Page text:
• Peter Oosthuizen says:

    Lovely series, Philippe. A subject very close to my heart and beautifully handled.

  • Pascal Ravach says:

    Always that very unique look of yours, Philippe… so easy to recognize, but as you say so difficult to achieve… we need more of this kind of “ethereal” photography!
    “Simply” beautiful!

    • philberphoto says:

      Ethereal photography…. hmmmmm…. I had thought flowers were quintessentially earthly, so maybe they are etherearthly…? Many thanks, Pascal!

  • Dallas says:

    Excellent flower images Philippe, I know how much effort and time you spend getting these flower shots keep it up.

    • philberphoto says:

      Many thanks, dear friend, but there are no prizes for effort, time, or for blodd sweat and tears for that matter… 🙂

  • Jon Maxim says:

    Hi Philippe, Thank you for the gorgeous images, so welcome – especially today. I have just returned from a visit to our local conservatory and have deleted all the flower shots. Seeing yours, it encourages me to try yet again. May I tell you a short(ish) story?

    My early days in photography were as an (unpaid) assistant to my father. I did it from my early teens to my early twenties. When I left home I went to another country and my parents gave me a Kodak box camera and a flash cube, and asked me to send them pictures of my new home. One of the first pictures I took was of a pretty flower bed. When I got it back from the lab I was so mesmerized and thrilled by what I was able to create that I haven’t stopped for over 50 years.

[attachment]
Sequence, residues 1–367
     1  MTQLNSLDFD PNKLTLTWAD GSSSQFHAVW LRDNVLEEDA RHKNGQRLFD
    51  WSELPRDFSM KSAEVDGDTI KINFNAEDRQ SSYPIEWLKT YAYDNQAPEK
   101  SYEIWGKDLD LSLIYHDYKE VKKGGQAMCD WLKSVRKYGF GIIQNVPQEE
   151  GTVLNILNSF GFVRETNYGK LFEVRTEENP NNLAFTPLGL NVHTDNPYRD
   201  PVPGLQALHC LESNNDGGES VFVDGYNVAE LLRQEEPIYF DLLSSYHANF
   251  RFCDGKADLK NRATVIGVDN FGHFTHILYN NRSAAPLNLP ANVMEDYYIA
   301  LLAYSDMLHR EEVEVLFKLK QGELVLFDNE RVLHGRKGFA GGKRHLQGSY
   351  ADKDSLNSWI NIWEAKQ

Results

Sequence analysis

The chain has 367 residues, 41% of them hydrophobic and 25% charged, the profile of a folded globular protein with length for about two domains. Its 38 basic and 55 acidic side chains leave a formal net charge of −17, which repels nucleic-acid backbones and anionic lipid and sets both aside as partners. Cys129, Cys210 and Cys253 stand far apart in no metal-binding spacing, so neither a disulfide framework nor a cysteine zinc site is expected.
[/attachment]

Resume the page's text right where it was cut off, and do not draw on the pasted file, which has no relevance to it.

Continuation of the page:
• Ah Philippe you have done it again, again and yet again. Beautiful imagery and words to match. Someday I hope to meet you in Kyoto where we can photograph flowers and kimonos.

  • Kristian Wannebo says:

    Some lovely flowers!
    And some of your 10 reasons seem to me to say that flower photography is meditative.
    You almost make me long for spring…

  • Paul Perton says:

    Philippe, how fortunate we are to be able to make such images and aspire to those we see and yearn to emulate.

    Some of us make it look easy, although if you’ve ever tried, you’ll know it isn’t. Perseverance, luck, dedication and of course, a camera able to do your plans justice.

    This is a fine collection, but I suspect a mere sample of your craft. Long may we continue to enjoy and envy them.